'We remember them'

April 11, 2005|by BRIAN SHAPPELL

HAGERSTOWN - As the tears continued to build in Julie Gehr's eyes, she struggled successfully to get through her speech at a memorial service Sunday for crime victims and their families.

The grief paled in comparison to the pain Gehr endured waiting nearly a decade for justice to be served, in the form of a conviction of the man who killed her grandparents.

The 16th annual Maryland Statewide Memorial Service for Crime Victims and Their Families drew more than 100 people to the Hagerstown Seventh-day Adventist Church on Mount Aetna Road. The event kicked off National Crime Victims' Rights Week, which ends Saturday.


On Sunday, family members participated in victims' name readings and listened to speeches and musical selections throughout the service, which lasted just more than one hour.

The first and last lines attendee John Lyon read from "We Remember Them," a responsive reading penned by Marilyn Gilbert, seemed to sum up what many of those who had driven to the church from around the state have faced:

"As we open our eyes each morning and see the dawning of another day, we struggle to accept the reality of a world without them ..."

" ... We go on, though not the same, accepting some small solace in the fact that nothing is ever lost, and they are loved so much. We remember them."

Jill Ritter, director of the Washington County State's Attorney's Office's Victim Witness Unit, said Sunday's service was the third time Hagerstown has been selected to host the event.

"This year was the first time I think the survivors said something personal before they read the names or said their speeches," Ritter said.

She said the event, in some ways, serves as a way for families to act as counselors for one another.

"They've all been through the same thing," Ritter said. "I can tell them about the justice system, but I haven't gone through it."

The theme for victims' rights week this year is "justice isn't served until crime victims are," according to the Frederick County Sheriff's Department.

For Gehr and her family, the words are not just a slogan, they signified something they lived with for eight years.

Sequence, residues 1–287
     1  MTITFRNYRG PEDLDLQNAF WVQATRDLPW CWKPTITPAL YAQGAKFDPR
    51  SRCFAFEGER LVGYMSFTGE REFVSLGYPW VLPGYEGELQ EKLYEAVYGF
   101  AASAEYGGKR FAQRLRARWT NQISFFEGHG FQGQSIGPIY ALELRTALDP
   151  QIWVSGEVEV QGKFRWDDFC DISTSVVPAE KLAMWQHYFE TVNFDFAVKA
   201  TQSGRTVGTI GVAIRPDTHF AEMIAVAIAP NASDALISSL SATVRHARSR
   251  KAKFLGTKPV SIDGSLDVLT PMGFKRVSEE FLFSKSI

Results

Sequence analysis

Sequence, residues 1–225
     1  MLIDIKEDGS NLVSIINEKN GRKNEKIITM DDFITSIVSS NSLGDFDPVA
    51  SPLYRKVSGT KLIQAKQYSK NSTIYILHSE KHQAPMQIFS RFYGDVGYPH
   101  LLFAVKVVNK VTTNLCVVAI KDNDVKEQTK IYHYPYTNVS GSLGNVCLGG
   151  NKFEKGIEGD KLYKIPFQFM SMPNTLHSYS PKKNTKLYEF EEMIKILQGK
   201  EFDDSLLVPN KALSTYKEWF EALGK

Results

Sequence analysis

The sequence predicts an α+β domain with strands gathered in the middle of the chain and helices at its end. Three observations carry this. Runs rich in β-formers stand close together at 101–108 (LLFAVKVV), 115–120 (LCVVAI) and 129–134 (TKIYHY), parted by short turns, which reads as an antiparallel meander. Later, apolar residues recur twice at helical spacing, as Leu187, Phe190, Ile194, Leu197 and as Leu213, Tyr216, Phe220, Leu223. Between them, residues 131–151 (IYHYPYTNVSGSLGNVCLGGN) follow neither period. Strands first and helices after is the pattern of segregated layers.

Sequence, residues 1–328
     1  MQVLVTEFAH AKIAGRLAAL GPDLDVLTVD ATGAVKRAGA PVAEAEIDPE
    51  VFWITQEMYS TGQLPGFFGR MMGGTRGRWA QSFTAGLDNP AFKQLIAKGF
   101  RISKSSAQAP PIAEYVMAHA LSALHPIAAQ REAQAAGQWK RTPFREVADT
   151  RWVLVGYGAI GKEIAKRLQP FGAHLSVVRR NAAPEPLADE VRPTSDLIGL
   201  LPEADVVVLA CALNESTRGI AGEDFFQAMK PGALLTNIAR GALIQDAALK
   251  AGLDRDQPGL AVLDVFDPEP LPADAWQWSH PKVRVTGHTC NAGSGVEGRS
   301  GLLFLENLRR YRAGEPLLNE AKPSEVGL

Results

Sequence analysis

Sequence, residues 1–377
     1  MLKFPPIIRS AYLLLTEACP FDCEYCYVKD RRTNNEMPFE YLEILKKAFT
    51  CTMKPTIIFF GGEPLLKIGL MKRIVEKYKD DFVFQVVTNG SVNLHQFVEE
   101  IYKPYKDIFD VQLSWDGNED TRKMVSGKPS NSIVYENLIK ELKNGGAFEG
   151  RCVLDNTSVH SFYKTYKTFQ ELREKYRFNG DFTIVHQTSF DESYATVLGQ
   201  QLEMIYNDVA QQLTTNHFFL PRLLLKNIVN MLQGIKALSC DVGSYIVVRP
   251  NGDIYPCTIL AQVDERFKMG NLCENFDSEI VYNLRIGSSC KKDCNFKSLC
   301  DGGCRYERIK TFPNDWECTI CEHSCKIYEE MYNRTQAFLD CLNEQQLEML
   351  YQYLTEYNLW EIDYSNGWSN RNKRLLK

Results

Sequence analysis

Gehr's grandparents, Daniel and Wilda Davis of Hagerstown, were murdered in their home during a robbery in February 1994. It took two trials and eight years before someone was convicted in the crime, in 2002, she said.

Gehr, of Big Pool, said her family would never be able to have closure, but they did want "justice" every day for those eight years.

"That guilty verdict was one of the sweetest words I've ever heard," she said.

Gehr said being consoled by friends is simply not enough because most cannot truly relate to victims' families.

"When you go through things like this, it's hard to find people to talk to, someone who does know what you're actually going through," Gehr said.

At the end of her speech, Gehr offered an open invitation for anyone struggling with a similar situation to reach out to her.

Ethel Nicely, of Silver Spring, Md., attended the service for the first time Sunday.

Nicely, whose son, James Cooper, died in 2003 after being shot in the head, said she was looking for a way to come to closure and meet others who know the pain of a "sudden event that forced a change in your whole world."

"It lets me know that a lot of people are in the same place as I am," Nicely said. "They're walking with a loss. You can't even explain it to someone ... "

Diane Miller said she believed the service was important not only to bring those with a sad common bond together, but so "those people aren't forgotten, especially since they died in a violent way."

Mary Jane Bittner, the grandmother of Miller's husband, was killed in an August 2002 car crash involving a drunken driver in Washington County, Miller said.

"Participation is a good thing for people," Miller said. "This is a great program."

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